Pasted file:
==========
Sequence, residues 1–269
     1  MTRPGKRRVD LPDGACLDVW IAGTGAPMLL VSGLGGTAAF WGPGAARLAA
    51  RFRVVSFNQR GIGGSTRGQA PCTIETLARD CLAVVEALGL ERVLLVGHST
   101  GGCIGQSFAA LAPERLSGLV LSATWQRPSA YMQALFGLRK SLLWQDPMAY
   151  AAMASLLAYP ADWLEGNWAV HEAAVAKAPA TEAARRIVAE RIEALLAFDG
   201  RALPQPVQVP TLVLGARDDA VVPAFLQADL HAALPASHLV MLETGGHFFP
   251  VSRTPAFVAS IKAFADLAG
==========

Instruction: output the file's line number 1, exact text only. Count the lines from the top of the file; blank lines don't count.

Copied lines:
Sequence, residues 1–269